How Does Gabapentin For Cats Work?

And how to safely give gabapentin to your cat 💊

gabapentin for cats

If your cat gets super stressed out going to the vet, you might be wondering if there’s a (literal) chill pill you can give him.

That’s where gabapentin for cats comes in, according to Dr. Aliya McCullough, a veterinarian on staff at Fetch by The Dodo.

But this medication isn’t just for helping anxious cats mellow out. Keep reading to find out about gabapentin’s other uses, side effects and more.

What does gabapentin do for cats?

Gabapentin is used to help cats with several things, including fear and anxiety, chronic pain and seizures.

“Gabapentin is an anticonvulsant, anti-anxiety and pain relieving medication,” Dr. McCullough told The Dodo. “Gabapentin has been shown to reduce situational anxiety in cats.”

How do you give gabapentin to cats?

Gabapentin comes in capsules, tablets or liquids, and there are a few different tricks to getting your BFF to take his medication depending on the form it comes in.

“Oral medications can often be hidden inside a soft treat,” Dr. McCullough said. “Avoid mixing liquids into their food as it may prevent them from eating this food in the future, even after you stop adding the medication.”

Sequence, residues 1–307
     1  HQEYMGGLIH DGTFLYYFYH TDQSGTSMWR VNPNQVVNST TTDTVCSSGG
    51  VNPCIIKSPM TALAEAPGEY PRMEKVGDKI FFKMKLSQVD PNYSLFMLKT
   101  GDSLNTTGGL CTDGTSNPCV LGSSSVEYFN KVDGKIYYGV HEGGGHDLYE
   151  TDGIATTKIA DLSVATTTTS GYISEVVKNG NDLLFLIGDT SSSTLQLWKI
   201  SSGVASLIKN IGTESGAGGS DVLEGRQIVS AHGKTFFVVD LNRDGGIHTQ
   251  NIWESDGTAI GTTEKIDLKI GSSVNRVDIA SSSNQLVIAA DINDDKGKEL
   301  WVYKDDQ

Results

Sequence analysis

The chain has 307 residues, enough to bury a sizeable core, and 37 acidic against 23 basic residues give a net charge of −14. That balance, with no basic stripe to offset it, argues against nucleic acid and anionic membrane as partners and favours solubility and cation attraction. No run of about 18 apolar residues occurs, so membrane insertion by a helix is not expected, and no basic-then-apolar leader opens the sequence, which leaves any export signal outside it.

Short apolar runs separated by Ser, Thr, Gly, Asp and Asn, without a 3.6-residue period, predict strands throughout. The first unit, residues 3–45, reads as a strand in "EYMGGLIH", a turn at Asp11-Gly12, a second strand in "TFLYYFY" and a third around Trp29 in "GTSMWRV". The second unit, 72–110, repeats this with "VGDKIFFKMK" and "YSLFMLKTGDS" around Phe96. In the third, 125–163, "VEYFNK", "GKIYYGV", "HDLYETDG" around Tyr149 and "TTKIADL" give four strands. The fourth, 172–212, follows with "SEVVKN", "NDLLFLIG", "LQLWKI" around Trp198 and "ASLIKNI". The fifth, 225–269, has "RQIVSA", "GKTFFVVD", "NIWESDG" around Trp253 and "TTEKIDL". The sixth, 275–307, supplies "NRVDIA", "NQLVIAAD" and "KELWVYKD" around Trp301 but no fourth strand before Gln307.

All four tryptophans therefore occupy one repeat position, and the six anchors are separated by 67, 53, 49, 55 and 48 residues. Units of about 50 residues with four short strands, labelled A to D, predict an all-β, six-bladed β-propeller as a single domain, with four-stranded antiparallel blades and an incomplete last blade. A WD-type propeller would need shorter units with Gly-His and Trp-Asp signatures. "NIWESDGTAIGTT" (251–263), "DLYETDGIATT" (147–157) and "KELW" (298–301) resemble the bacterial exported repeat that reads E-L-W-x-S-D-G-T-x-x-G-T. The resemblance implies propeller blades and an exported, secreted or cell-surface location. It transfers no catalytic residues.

Make sure you NEVER give your cat liquid gabapentin made for humans. That’s because it’s often made with xylitol, which is super toxic to your BFF.

What’s the right dosage of gabapentin for cats?

The proper and safe dosage of gabapentin for cats is going to vary based on a few things.

“Veterinarians will prescribe an appropriate dose based on the condition being treated, body weight and the cat’s health status,” Dr. McCullough said. “Pet parents should follow their veterinarian’s instructions and reach out to their vet if they have any questions about gabapentin.”

Are there gabapentin side effects in cats?

According to Dr. McCullough, the main side effects of gabapentin are sleepiness and incoordination.

If your BFF has a negative reaction to the meds, you should chat with your vet about finding an alternative medication.

“In general, cats that have had adverse reactions to gabapentin should not take it,” Dr. McCullough said. “Cats with liver or kidney disease may need less frequent dosing or smaller doses of gabapentin.”

You should also be careful about giving cats gabapentin if they’re pregnant or lactating. And it’s always important to check with your vet to see if there are any supplements or other medications your cat should steer clear of while on gabapentin.

Gabapentin for cats can be helpful in many situations, as long as you’re following your vet’s instructions and recommended dosage exactly.

If you’re in the market for a pet insurance plan, you’ll want to check out Fetch by The Dodo since it's made by and for adoring pet parents, and because it's the most comprehensive coverage in the U.S. and Canada, covering things that other providers don't or charge extra for.